Mastering the art of flexible leadership with tailor-made RTO policies

Boots’ decision to call employees back to the office for five days per week has recently sparked debates on the effectiveness of RTO mandates

Mastering the art of flexible leadership with tailor-made RTO policies

With similar policies on the rise, a recent Owl Labs study reveals that over half (51%) of UK workers are in favour of some form of RTO policy to boost team productivity. However, it’s clear that workers still want the flexibility to choose their working pattern rather than have their work schedule dictated by executives.

Flexibility is key 

When it comes to introducing RTO policies, a blanket approach isn’t fit for purpose. According to recent  data, the overwhelming majority (87%) of UK workers agree that an unofficial and more flexible RTO policy boosts team morale. Company leaders must, therefore, offer a certain amount of flexibility to reap the rewards of being in the office while maintaining an engaged workforce. 

Empowering employees to work flexibly according to their task lists, also known as task-based working, often proves more fruitful than implementing a blanket RTO policy. 

For example, when employees are faced with tasks that require greater concentration, they are more likely to be more productive when working from home. In contrast, more creative and communicative tasks such as brainstorming and team planning often benefit from face-to-face interactions in the office. Adopting a task-based approach to working also provides better support to those with dependents, such as parents and carers, who may prefer working from the office as it removes distractions at home. It is therefore critical that executives empower employees to manage their own work schedule based on their individual working tasks.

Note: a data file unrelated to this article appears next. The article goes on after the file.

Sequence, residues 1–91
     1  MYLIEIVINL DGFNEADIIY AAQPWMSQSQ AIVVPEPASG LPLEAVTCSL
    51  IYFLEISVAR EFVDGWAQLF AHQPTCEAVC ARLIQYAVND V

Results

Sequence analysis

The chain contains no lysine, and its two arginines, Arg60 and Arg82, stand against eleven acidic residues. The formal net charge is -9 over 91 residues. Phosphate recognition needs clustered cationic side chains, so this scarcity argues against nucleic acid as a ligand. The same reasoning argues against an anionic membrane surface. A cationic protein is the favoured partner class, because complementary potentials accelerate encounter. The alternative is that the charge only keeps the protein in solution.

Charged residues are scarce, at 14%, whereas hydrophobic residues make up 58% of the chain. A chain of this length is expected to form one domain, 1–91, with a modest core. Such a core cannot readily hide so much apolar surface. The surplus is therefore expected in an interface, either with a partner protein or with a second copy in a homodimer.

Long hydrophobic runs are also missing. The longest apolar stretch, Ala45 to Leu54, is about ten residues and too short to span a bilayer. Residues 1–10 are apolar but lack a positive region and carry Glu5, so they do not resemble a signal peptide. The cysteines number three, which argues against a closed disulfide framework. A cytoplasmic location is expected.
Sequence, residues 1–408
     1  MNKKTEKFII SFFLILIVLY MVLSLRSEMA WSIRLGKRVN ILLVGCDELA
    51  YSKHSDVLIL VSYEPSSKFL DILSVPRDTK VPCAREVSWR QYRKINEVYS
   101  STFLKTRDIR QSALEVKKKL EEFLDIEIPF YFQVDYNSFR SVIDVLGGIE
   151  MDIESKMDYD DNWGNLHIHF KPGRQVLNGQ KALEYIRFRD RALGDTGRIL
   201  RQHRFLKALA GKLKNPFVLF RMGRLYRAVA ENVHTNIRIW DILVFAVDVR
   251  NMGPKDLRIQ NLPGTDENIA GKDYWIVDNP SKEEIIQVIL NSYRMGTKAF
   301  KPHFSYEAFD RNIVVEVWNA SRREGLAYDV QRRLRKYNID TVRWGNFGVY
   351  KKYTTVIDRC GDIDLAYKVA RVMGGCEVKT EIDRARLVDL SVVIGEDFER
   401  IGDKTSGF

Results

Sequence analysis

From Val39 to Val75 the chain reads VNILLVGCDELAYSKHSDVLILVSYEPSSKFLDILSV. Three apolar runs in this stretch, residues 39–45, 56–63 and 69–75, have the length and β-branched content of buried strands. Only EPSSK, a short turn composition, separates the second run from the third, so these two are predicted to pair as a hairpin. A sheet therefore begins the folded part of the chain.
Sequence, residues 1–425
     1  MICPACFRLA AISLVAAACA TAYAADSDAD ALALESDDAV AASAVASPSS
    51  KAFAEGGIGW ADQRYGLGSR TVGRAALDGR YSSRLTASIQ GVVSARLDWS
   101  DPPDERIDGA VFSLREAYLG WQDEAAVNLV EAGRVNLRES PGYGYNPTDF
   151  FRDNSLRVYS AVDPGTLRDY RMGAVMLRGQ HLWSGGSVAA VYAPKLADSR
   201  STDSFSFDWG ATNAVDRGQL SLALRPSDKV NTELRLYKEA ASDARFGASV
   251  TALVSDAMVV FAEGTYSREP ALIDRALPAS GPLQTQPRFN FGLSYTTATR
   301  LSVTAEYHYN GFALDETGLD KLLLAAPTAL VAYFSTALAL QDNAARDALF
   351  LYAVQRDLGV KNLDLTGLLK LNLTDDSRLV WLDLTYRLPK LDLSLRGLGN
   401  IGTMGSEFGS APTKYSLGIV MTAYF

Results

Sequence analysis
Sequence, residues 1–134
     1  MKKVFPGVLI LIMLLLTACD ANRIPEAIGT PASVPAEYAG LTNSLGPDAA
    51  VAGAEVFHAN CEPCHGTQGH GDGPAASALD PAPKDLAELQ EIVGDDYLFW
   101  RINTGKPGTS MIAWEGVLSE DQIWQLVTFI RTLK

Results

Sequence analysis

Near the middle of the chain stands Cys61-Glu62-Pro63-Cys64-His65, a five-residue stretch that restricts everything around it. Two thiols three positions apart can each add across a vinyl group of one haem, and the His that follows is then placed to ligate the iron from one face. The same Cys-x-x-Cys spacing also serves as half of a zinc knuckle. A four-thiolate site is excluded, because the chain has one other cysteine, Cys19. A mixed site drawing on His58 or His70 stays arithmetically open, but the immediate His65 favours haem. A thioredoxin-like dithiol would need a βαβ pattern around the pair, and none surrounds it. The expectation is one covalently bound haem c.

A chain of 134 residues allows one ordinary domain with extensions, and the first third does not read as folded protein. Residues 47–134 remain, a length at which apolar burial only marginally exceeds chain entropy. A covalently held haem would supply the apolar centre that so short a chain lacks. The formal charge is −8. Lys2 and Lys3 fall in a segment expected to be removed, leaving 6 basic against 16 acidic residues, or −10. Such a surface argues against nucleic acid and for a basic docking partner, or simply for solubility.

Where employees draw the line 

As a result of EY and Amazon’s employee monitoring measures that track attendance and screen time, it’s clear that workers draw the line at this level of surveillance. Moreover, our data reveals over half of UK employees (55%) believe employee monitoring tools negatively impact productivity. 

The rise of employee monitoring opens up a wider debate about trust between company leadership and general employees. As work habits continue to evolve, executives need to take measures to empower their teams—rather than simply track their attendance. 

Stealth management: Bespoke RTO policies 

While executives might be adopting a more stringent approach to RTO, new data shows that managers are taking a nuanced approach to company policies in favour of their teams. Nearly three quarters (70%) of managers allow team members to work from home despite an official return to office policy. Given that 42% of workers would look for another job with more flexibility if their option to work in a hybrid or remote environment was removed, many managers know that it’s simply not worth the risk of valuable employees quitting to work somewhere with a more flexible policy.

As a result, some companies are proving to be more flexible when it comes to RTO mandates. As it stands, either unsurprisingly or not, 1 in 3 (35%) workers reveal that their company has backtracked on a RTO mandate, with a further 15% stating this was due to employee demand. 

As the UK flexible working bill comes into effect this April, hybrid working policies have never been more topical. The data has shown that organisations that adopt a task-based approach to RTO mandates will promote happier and more productive teams. RTO mandates, when introduced correctly, can boost company productivity and increase the number of face-to-face interactions employees have – without hindering staff from choosing their working location based on their daily task list. 

Frank Weishaupt
Frank Weishaupt

Share via
Copy link